The Africa Forum is the annual gathering where OECD and African policy makers, private sector representatives, academics and civil society leaders meet to debate the performance of African economies and the challenges ahead.
Organised by the OECD Development Centre and the German Federal Ministry for Economic Cooperation and Development, in collaboration with the German Federal Foreign Office and in partnership with the African Union Commission, the 2015 edition focused on Africa’s development agenda beyond 2015. It did so in light of the debates on Sustainable Development Goals and Financing for Development, the impact of the continent’s future demographic development on its economic transformation, and the policy responses to climate change.
The debates benefited from the conclusions of the African Economic Outlook 2015 report, jointly produced by the OECD Development Centre, African Development Bank (AfDB) and the United Nations Development Programme (UNDP). The publication is available at www.africaneconomicoutlook.org.
ECDPM’s Sebastian Große-Puppendahl (@SebGroPup) and Tanit Parada-Tur (@tanitpt) were present at the conference, attending debates and filming interviews with key stakeholders.
Africa Forum 2015 – Flickr album by OECD Development Centre
Alongside strong growth outlook for several African countries, global and pan-African discussions provide Africa policy makers with an unprecedented opportunity to chart a more inclusive and sustainable growth agenda for the continent.
“Superfoods can contribute moving up the value chain in Africa” – Carlos Lopes, UNECA
“Africa’s too dependent on natural resources. We need more jobs” – Mario Pezzini, OECD
In the long-term, the stakes are high – how to transform African economies, end poverty, preserve the environment and ensure well-being and prosperity.
15 International Economic Forum on Africa – Youtube Playlist by the OECD Development Centre
There were live tweets from the event via @OECD_Centre with #AfricaForum
Universality and Differentiation in the Post-2015 Development Agenda
Translating the universal post-2015 goals and targets into national actions, commitments, responsibilities and accountability that respect national priorities and circumstances is a major challenge. There is a need for a pragmatic and flexible differentiation system that accounts for country priorities and ownership, but builds in incentives to encourage ambitious contributions.
Africa and Europe combatting climate change: Towards a common agenda in 2015
The 2015 UN Climate Change Conference in Paris (COP21) is fast approaching. Despite promising progress in recent years, the negotiations of a new agreement to keep the dangers of climate change at bay still face many technical and political hurdles, and are plagued with divisions among countries.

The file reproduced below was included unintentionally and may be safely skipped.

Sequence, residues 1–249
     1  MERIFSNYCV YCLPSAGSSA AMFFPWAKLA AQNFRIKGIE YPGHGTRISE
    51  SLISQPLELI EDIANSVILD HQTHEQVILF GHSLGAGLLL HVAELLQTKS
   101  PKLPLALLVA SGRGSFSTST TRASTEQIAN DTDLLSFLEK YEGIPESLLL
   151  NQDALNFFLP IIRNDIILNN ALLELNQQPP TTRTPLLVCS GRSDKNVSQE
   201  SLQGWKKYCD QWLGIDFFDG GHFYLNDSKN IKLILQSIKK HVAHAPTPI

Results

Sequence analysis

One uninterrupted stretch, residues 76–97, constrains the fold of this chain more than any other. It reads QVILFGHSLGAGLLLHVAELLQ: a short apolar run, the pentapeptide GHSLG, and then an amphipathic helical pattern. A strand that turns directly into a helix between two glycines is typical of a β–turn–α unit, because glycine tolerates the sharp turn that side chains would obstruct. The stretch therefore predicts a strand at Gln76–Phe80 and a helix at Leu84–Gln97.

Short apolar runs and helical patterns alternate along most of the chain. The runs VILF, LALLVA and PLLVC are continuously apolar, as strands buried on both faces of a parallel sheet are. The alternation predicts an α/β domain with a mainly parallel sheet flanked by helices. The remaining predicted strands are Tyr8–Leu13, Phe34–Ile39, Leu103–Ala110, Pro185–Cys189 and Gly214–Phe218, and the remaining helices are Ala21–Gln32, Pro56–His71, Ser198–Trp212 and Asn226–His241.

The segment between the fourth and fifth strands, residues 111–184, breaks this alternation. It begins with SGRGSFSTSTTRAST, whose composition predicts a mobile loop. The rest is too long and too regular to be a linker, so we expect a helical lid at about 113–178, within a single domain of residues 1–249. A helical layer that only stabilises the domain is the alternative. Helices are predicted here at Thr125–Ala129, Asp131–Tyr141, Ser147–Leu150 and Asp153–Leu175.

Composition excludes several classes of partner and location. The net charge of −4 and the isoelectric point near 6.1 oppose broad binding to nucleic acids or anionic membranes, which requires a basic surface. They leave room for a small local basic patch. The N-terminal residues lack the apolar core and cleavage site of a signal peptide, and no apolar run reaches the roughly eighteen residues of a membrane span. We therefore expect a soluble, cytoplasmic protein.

Dossier: European Report on Development (ERD)
The fifth edition of the an influential and independent European Report on Development (ERD 2015), launched in May 2015, has the theme of “Combining finance and policies to implement a transformative post-2015 development agenda”. It aims to address financing and other means of implementation in the post-2015 context in order to bring the post-2015 finance and goal setting processes together.
Regional dynamics in Africa: High stakes for development
This paper explains the relevance of regional cooperation and integration for problem solving in Africa. It does so by highlighting a few ongoing regional processes, and by unpacking some of the key actors and factors at work in such processes.
Financing Development – GREAT Insights Volume 3, Issue 8
This issue of GREAT insights aims to address the unabating question of developing countries: How to finance development?
Territorial development – GREAT Insights Volume 4, Issue 4
Too often, development approaches adopt a specific thematic or sectoral focus. In doing so, they tend to abstract from the territorial dimension and localisation level of development.
How does Africa speak with one voice? Africa’s evolving positions on aid effectiveness, climate change and the post-2015 goals
Africa is increasingly seeking to formulate a common African position ahead of key international events. Pathways to common positions are not always pre-defined and evolve depending on the needs that manifest themselves during the process. However, it is clear that in recent years, there is a consistent effort to formulate common positions ahead of key moments in the global agenda.
Photo courtesy of Dorena-WM via Flickr.